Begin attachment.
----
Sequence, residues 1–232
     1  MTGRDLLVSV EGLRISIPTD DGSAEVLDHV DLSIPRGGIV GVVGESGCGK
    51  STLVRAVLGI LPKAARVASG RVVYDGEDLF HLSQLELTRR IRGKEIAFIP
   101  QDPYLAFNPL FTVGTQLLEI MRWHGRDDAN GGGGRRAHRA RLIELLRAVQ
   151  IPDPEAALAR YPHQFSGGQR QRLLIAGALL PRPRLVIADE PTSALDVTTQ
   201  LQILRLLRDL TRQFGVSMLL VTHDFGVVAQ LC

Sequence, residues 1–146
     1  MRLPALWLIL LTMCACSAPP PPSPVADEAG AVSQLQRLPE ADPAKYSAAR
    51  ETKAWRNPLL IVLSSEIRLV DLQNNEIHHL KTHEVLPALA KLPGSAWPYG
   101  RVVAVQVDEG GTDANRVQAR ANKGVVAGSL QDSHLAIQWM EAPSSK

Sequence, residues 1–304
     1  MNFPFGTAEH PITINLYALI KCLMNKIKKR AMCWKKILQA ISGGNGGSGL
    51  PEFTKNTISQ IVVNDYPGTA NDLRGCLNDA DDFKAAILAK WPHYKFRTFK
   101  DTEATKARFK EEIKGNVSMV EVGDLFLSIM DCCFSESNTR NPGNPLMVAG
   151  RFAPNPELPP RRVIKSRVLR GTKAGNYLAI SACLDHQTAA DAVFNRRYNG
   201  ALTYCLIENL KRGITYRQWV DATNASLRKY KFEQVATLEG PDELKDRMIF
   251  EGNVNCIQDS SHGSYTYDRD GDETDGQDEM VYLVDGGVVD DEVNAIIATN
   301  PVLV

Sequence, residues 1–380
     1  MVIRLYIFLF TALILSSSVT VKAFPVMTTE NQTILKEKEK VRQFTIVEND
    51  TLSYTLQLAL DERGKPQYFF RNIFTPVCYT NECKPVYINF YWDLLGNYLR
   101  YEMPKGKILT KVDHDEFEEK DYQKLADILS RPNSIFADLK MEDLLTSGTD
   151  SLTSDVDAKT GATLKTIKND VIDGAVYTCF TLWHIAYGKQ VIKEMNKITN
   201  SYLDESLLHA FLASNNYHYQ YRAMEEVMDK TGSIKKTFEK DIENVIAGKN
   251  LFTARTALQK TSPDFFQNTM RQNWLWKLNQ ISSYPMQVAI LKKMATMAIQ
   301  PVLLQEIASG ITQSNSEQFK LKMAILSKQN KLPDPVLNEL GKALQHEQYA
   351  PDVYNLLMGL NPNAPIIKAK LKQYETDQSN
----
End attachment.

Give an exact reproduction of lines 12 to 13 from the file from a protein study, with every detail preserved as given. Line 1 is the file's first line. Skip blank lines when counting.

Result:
     1  MNFPFGTAEH PITINLYALI KCLMNKIKKR AMCWKKILQA ISGGNGGSGL
    51  PEFTKNTISQ IVVNDYPGTA NDLRGCLNDA DDFKAAILAK WPHYKFRTFK